Arthur’s Pass Villiage
Mileage: about 3km walking to and from punchbowl waterfall and around town.
I slept a bit fitfully overnight. First I was worried about the wind. I pitched my tent as close to some trees for a wind block but my tent was still getting shaken pretty badly. The DOC office later told me that they had gusts of about 60 mph. To add to the suspense over the wind, I would occasionally confuse a passing truck for a strong gust. Oh no, here comes another big one, then no, just a truck on the highway. Ha ha. You feel pretty vulnerable at times, living in a tent.
The rain started sometime in the early morning and the winds subsided, thank goodness. It was very heavy rain but I know my tent can handle rain. The only water I got inside was from the splashback off the ground. When I came to check on it later in the day, I had a couple of teaspoons pooled near the head-end, which I easily soaked up with a napkin. Pretty good considering that it rained 6 inches during this one storm. There was also a lot of lightning around 6 am…a great alarm clock. The power got knocked out at the i-site in town.
After being woken by the thunder and waiting for a bit of a break in the rain, I escaped to the foyer of the backpacker building. There, I was able to do my morning routine and charge my phone. Later I discussed strategy with Tuomas and Anna. Given the weather and how hard we had pushed the day before, we were in no mood to resume hiking today. So we all checked in for another night. It was easy just to leave the tent pitched through the rain.
I didn’t do a whole lot else worth describing in detail throughout the morning and afternoon. I had my bounce box stuff mixed in with my resupply food, so I did a little gear repair and replacement. I’ve already gone through two trekking pole straps. My 3rd pair of socks also already have holes. Stupidly, I forgot to add another umbrella clip to my backpack strap..I had a spare in the box. Just one has been working, so it will have to do until I get to Glenorchy, the next bounce box stop.
By 3 pm the rain had stopped and the clouds lifted. It all happened so fast. Suddenly there were blue skies. I walked over to check out the visitor’s center and to read all about Keas at the kea kiosk.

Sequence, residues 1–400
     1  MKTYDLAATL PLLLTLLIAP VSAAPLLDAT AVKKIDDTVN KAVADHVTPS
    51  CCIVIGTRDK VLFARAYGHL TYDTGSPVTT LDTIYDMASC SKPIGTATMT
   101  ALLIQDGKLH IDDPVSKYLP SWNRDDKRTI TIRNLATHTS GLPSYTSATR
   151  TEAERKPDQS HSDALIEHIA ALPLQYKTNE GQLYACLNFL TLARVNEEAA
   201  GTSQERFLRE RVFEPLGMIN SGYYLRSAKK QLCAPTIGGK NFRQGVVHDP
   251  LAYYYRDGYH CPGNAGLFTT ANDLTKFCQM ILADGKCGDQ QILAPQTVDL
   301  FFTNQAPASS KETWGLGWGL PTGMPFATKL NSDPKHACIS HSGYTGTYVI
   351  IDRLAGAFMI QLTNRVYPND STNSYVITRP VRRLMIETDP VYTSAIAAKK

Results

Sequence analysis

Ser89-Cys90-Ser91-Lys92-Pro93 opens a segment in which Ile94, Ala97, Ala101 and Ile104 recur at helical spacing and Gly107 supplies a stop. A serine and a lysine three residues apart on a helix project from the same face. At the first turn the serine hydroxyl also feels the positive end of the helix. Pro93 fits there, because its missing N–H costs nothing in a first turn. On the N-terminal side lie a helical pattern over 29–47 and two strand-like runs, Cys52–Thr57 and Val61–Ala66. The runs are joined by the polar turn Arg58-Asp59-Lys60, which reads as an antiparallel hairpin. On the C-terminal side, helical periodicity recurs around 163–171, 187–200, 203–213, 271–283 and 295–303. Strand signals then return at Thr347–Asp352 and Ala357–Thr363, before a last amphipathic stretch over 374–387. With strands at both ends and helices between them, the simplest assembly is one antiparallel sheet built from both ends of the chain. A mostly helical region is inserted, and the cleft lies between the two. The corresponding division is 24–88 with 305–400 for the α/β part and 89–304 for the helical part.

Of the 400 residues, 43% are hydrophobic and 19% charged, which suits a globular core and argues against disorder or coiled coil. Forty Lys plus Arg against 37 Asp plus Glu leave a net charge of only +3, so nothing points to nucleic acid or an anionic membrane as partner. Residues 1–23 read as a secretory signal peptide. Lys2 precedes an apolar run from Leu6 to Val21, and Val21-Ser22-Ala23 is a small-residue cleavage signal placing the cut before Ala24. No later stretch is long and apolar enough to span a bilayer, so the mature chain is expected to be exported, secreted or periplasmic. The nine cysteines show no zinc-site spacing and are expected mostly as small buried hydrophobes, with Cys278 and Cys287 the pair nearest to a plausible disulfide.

Keas are a native NZ bird and the world’s only alpine parrot. The have a long and storied history, from having had a government bounty placed on them for eradication to now being endangered and highly protected. A similar story to wolves and bears in the U.S. They can be a nuisance, since they are very inquisitive and like to chew on things…cars, buildings, backpacker gear, and even sheep. There are now fewer than 3000 left…that’s fewer than the number of wild kiwi! I saw a lot of keas during my first visits to NZ and I had no idea they were do much on the decline. It saddened me greatly to find this out. Hopefully efforts to increase their numbers will help. I do love these birds and it would be tragic to loose something so unique to this world.
A kea from 2005
I went back to the hostel and convinced Anna to do a short hike up to Punchbowl falls. I’m glad we went since the falls were pretty splendid…high flow from all the rain, with the setting sun shining on them, complete with a rainbow. We got some good pics.
We walked back to town and I couldn’t resist having an overpriced beer. I saved money by eating one of my trail meals, since I have way too much food for the next segment. A cyclone, or at least the remnants of one, is predicted to hit the SI on Tuesday. We plan to do the next stretch in just 2 days, leaving tomorrow (Sunday). I have at least 4 days worth of food. I can’t stand to throw it out, so I’m carrying it. That’s the nice thing about a small baseweight…you can afford to carry additional stuff at times.
I settled into a much better night in my tent…dry but with a good chill in the air. I was able to enjoy my quilt for a change.